I find podcasts to be great not only for fun or inspiration, but also to gain ideas and insights. I listen to podcasts when exercising, eating lunch, or making dinner, and when traveling on long bus trips or flights.
There are thousands of podcasts available to listen to, on any topic you can imagine. I’m starting a new occasional series for my blog that will highlight my takeaways from podcasts I’ve recently enjoyed.
I won’t be reviewing podcasts in the way that book reviewers or film reviewers discuss what they liked or didn’t like about a particular podcast. It is my goal simply to share a few valuable bites of knowledge or insight that I gained.
Here are three episodes I listened to recently.
- From Scratch: A Show about the Entrepreneurial Life – In this episode, host Jessica Harris interviews Peter Diamandis, founder of the XPRIZE Foundation.
Diamantis recounted that, with his business to manufacture inexpensive launch vehicles, he and his team were “never able to capitalize the company fully” and ended up selling it off. Following that disappointment, Diamantis was trying to finish getting his pilot’s license. A friend of his gave him a copy of Charles Lindberg’s biography to inspire him to finish the process.
Diamantis summarized the story behind the Spirit of St. Louis. Raymond Orteig, a businessman from Paris, became a New York City hotelier, and he catered to pilots in WWI. In 1919, Orteig established a $25K prize, offered for the first Allied aviator to successfully complete a Paris-NY flight. In 1927, Lindbergh crossed the Atlantic to win the prize.
After reading the biography, Diamantis thought maybe a competition would be a way for him to inspire people to develop launch vehicles. If he himself couldn’t with his company, he believed that someone else could. He founded the XPRIZE as a competition to incentivize people to innovate, in order to solve challenges that restrict humanity’s progress.
Surprise fact: The “X” in XPRIZE was actually originally a placeholder.
- Create Your Own Life with Jeremy Ryan Slate – Slate interviews Derek Loudermilk in this episode, titled “Making Adventure Your Business.”
Loudermilk, who hosts his own “The Art of Adventure Podcast,” has a master’s degree in microbiology, but decided to explore the world and run his own business after receiving his degree in 2014. He credits reading the book The 4-Hour Work Week with changing his life.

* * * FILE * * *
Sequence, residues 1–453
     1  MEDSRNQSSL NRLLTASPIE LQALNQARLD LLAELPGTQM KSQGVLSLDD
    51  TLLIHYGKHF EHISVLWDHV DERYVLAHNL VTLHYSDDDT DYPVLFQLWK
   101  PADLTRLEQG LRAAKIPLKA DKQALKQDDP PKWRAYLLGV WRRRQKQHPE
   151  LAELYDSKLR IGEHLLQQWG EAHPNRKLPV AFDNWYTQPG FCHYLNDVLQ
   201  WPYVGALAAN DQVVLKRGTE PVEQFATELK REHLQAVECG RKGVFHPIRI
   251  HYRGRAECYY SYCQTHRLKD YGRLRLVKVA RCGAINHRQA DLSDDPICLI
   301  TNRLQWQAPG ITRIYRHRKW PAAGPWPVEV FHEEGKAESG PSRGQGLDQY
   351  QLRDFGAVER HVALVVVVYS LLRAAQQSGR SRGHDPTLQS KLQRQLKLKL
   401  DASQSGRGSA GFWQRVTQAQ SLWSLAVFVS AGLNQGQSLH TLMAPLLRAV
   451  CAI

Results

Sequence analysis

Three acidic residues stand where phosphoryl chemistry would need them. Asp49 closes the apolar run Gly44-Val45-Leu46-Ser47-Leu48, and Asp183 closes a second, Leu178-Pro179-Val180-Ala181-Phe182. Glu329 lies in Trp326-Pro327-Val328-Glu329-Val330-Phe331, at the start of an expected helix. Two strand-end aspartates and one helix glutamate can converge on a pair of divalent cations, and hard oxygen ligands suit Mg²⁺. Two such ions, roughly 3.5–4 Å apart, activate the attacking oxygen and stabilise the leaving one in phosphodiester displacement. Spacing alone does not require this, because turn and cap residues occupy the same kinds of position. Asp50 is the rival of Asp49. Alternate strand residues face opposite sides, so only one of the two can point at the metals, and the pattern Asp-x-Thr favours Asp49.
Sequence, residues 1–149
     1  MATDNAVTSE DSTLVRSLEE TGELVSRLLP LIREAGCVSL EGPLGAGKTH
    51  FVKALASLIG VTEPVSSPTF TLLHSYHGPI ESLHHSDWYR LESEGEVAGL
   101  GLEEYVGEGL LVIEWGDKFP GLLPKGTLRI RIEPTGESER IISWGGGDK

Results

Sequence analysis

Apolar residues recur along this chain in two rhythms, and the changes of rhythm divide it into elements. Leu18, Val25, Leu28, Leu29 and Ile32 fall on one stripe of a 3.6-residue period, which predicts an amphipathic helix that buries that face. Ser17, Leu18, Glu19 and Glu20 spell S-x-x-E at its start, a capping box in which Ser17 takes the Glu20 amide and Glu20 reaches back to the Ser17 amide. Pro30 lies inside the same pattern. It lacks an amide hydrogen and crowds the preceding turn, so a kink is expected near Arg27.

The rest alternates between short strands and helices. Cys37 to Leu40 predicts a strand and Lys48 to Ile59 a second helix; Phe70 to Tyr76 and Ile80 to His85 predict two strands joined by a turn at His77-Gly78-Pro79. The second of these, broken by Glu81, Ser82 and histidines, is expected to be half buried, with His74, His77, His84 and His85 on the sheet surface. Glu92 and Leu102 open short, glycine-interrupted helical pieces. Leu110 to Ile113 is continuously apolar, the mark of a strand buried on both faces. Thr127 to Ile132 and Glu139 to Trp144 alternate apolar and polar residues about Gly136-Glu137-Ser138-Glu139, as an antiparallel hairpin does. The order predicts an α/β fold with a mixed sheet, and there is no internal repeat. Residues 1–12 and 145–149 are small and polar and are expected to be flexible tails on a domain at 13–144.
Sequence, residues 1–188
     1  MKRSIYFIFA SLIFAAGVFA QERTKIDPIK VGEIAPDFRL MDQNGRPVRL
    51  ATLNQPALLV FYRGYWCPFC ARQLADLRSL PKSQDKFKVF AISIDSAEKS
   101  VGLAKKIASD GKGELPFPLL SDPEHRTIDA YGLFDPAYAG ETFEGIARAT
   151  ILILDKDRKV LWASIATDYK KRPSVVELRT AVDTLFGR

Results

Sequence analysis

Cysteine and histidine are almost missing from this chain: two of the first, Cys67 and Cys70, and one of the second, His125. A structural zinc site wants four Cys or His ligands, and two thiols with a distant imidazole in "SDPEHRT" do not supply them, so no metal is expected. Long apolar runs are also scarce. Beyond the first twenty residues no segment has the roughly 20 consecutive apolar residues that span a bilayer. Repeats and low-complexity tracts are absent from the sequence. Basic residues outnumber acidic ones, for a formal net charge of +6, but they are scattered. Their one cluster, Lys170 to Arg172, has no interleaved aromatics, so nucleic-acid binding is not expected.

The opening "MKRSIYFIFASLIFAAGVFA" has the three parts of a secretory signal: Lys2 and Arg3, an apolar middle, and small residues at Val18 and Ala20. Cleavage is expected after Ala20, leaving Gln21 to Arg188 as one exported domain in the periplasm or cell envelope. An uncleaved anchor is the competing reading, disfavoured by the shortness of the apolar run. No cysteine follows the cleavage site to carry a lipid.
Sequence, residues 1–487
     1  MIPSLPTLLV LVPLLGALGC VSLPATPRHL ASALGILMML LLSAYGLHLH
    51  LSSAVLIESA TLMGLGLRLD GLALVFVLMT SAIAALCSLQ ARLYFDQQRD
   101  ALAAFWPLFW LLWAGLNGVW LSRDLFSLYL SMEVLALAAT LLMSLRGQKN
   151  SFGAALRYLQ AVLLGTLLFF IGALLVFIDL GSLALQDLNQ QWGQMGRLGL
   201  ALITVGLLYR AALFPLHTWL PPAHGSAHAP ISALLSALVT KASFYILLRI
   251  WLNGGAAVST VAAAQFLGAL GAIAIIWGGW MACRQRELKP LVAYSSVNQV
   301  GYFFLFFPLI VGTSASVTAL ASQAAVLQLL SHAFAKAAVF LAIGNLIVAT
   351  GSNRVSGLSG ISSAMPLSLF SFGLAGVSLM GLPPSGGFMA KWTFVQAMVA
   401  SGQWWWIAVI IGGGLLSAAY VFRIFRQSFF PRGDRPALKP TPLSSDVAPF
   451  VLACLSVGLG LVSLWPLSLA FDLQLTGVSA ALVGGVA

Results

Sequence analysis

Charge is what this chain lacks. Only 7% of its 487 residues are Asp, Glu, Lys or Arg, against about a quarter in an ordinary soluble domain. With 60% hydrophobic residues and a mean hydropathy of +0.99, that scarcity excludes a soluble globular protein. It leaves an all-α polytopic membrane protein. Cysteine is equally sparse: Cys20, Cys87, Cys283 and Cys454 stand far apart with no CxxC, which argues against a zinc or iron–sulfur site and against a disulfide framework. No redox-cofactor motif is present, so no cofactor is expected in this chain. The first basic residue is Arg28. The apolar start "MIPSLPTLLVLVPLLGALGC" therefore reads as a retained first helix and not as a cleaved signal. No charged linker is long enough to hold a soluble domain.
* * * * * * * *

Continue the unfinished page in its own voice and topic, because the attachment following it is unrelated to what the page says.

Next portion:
Loudermilk encourages people to consider whether they are going after something because they really want it, or because the world says they should want it. People need to take the time to examine their lives and figure out what it is that they really want.
In discussing his podcast, Slate asked Loudermilk if there was anything that surprised him about the project. Loudermilk said that one of the most beneficial aspects of podcasting is its networking potential.
According to Loudermilk, “Podcasting is the best networking I have ever done. I didn’t expect that.” He said interviewing someone for a podcast is a great way to start a relationship. The next step for him is to figure out how to take advantage of all of these relationships he’s been building.
- Startup Nation Radio – Main Street Nation Talks about the Local Food Movement with Dan Carmody, President, Eastern Market Corporation
The Main Street Nation podcasts promote ways to grow the nation’s “main streets,” specifically in small towns, by supporting hometown businesses.
Statistics: Between 2006 and 2014, the number of farmers’ markets across the United States increased by 180%. There are more than 8,200 farmers’ markets in the United States.
In the interview, Carmody noted the growth in interest in local food is changing the corporate food industry. He gave the example of Campbell’s purchasing Garden Fresh Gourmet, a salsa and hummus manufacturer that began as part of the local, made-to-order food movement in Ferndale, Michigan.
Carmody said the market for local food – and the interest in farmers’ markets – is accelerating dramatically thanks to Millennials, who are taking a greater interest in the quality of the food they eat.
Carmody noted these reasons why farmers’ markets are good for small towns:
- Farmers markets’ give people a reason to come downtown even if there aren’t many reasons.
- Small towns can use a farmers’ market as a way to build a portfolio of businesses, market-driven, around the interest in local food.
- Many small businesses use farmers’ markets as a way to “test out” a location to see how receptive the town might be to their product, before opening a store.
- People on the buyer’s side of the table, as well as the seller’s side, can come from any walk of life.
If you want to listen to the entire interviews on these podcast episodes, just click on the links I included.
I look forward to bringing you more insights from podcasts on a regular basis.
Bernadette Geyer provides writing, copy editing, and translation services for small businesses, entrepreneurs, and writers. She also leads online workshops on a variety of topics for small businesses and writers. Geyer likes being a small fish in a big pond, and enjoys helping others move to bigger ponds themselves.